52
   

WikiLeaks about to hit the fan

 
 
JPB
 
Reply Fri 26 Nov, 2010 05:02 pm
Quote:
LONDON — U.S. allies around the world have been briefed by American diplomats about an expected release of classified U.S. files by the WikiLeaks website that is likely to cause international embarrassment and could damage some nations' relations with the United States. The next release is expected to include thousands of diplomatic cables reporting corruption allegations against politicians in Russia, Afghanistan and other Central Asian nations, sources familiar with the State Department cables held by WikiLeaks told Reuters on Wednesday.

According to the London-based daily al-Hayat, the WikiLeaks release includes documents that show Turkey has helped al-Qaida in Iraq — and that the United States has supported the PKK, a Kurdish rebel organization that has been waging a separatist war against Turkey since 1984, the Washington Post reported.

The U.S. embassy in Tel Aviv warned the Israeli foreign ministry that some of the cables could concern U.S.-Israel relations, the Israeli daily newspaper Haaretz reported, citing a senior Israeli official.

'Hurt Italy's image'
Prime Minister Silvio Berlusconi's government in Italy vowed on Friday to defend the country's reputation and interests from what it said was a scheme designed "to hurt Italy's image on the international stage."

A government statement cited global media coverage of a number of high profile stories in recent days as "symptoms of a strategy" to damage Italy's international standing.

They included a probe involving defense group Finmeccanica, pictures of heaps of uncollected garbage in Naples and crumbling archaeological ruins in the ancient city of Pompeii but also the planned release of U.S. classified files by WikiLeaks.

...

'Harmful to the U.S.'
The Obama administration said earlier this week that it had alerted Congress and begun notifying foreign governments that the whistle-blowing website is preparing to release a huge cache of diplomatic cables whose publication could give a behind-the-scenes look at American diplomacy around the world.

"These revelations are harmful to the United States and our interests," U.S. State Department spokesman P.J. Crowley said.

"They are going to create tension in relationships between our diplomats and our friends around the world," he added.Source


I can only imagine...
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Type: Discussion • Score: 52 • Views: 156,781 • Replies: 4,074

 
edgarblythe
 
  1  
Reply Fri 26 Nov, 2010 05:07 pm
@JPB,
- and the truth shall set you free.
0 Replies
 
dlowan
 
  2  
Reply Fri 26 Nov, 2010 05:50 pm
@JPB,
We need a wikileaks in ALL countries.
0 Replies
 
realjohnboy
 
  2  
Reply Fri 26 Nov, 2010 06:10 pm
Oops. This could get ugly. I don't think I agree with Wikileaks. There should be candor amongst technocrats in various countries, believing that their conversations won't be taken, perhaps, out of context. But...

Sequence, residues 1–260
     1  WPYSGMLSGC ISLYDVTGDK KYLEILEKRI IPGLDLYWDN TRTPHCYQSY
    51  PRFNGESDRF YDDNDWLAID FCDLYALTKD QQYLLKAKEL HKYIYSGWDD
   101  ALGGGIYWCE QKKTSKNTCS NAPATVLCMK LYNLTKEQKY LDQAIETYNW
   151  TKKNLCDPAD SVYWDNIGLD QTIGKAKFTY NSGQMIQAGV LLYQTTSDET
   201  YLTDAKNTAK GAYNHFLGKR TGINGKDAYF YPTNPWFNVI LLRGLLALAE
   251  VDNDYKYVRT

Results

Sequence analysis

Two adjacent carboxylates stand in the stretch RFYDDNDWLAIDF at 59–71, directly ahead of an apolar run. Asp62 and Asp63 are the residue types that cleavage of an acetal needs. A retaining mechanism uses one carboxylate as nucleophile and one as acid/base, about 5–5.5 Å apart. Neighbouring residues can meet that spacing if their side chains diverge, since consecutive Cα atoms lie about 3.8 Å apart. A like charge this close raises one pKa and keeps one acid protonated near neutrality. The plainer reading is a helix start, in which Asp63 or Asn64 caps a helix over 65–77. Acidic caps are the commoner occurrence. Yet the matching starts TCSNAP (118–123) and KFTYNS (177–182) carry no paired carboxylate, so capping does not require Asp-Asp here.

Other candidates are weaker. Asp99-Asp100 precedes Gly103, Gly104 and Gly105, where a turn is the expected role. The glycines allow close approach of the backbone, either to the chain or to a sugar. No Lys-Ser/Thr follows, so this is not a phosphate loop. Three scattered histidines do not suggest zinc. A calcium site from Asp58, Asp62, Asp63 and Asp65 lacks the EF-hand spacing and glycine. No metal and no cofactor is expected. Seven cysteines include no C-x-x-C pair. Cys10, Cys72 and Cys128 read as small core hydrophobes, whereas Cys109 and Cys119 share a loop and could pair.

JPB
 
  1  
Reply Fri 26 Nov, 2010 08:28 pm
@realjohnboy,
I don't know what I think about it, rjb. I didn't pay enough attention to the recent press to form an opinion. Sounds like it could get ugly, indeed. But, then, I'm not convinced that's a bad thing. Dunno -- waiting to see what unfolds.
JTT
 
  1  
Reply Fri 26 Nov, 2010 08:42 pm
How come there's never any mention of those American heroes/patriots that are attempting to expose the scum. Tear down that tarnished, blood stained old Vietnam wall and put up statutes to these brave young fellas.
JPB
 
  2  
Reply Fri 26 Nov, 2010 09:05 pm
@JTT,
I'm sure this bit shocks you, JTT. The more things change...

Quote:
According to the London-based daily al-Hayat, the WikiLeaks release includes documents that show Turkey has helped al-Qaida in Iraq — and that the United States has supported the PKK, a Kurdish rebel organization that has been waging a separatist war against Turkey since 1984, the Washington Post reported.
JTT
 
  1  
Reply Fri 26 Nov, 2010 10:26 pm
@JPB,
There's really nothing that shocks me anymore, JPB. I'm long past the stage of thinking that the USA does anything for altruistic reasons.

But that would be fair enough in and of itself if it wasn't for the tremendous brutality, the absolute disregard for life and the welfare and happiness of others.
0 Replies
 
JPB
 
  1  
Reply Sun 28 Nov, 2010 12:26 pm
Quote:
WASHINGTON — The online website WikiLeaks says it will go ahead with the release of hundreds of thousands of classified State Department documents in defiance of U.S. demands not to publish the files.

The WikiLeaks website appeared to be inaccessible, and WikiLeaks said in its Twitter feed that it was experiencing a denial of service attack. Nevertheless, WikiLeaks said that publications in the U.S. and Europe would print the leaked diplomatic cables even if it could not. Source


a denial of service attack?
realjohnboy
 
  1  
Reply Sun 28 Nov, 2010 12:50 pm
@JPB,
I don't know what the "Denial of Service" thing is about. Some 5 newspapers around the world have the stuff from WikiLeaks.
I got an email from the NY Times a half an hour ago with this sentence:
"A cache of a quarter-million confidential American diplomatic cables, most of them from the past three years, provides an unprecedented look at backroom bargaining by embassies around the world, brutally candid views of foreign leaders and frank assessments of nuclear and terrorist threats."
The "candid views of foreign leaders" could prove to be the most troublesome for the U.S.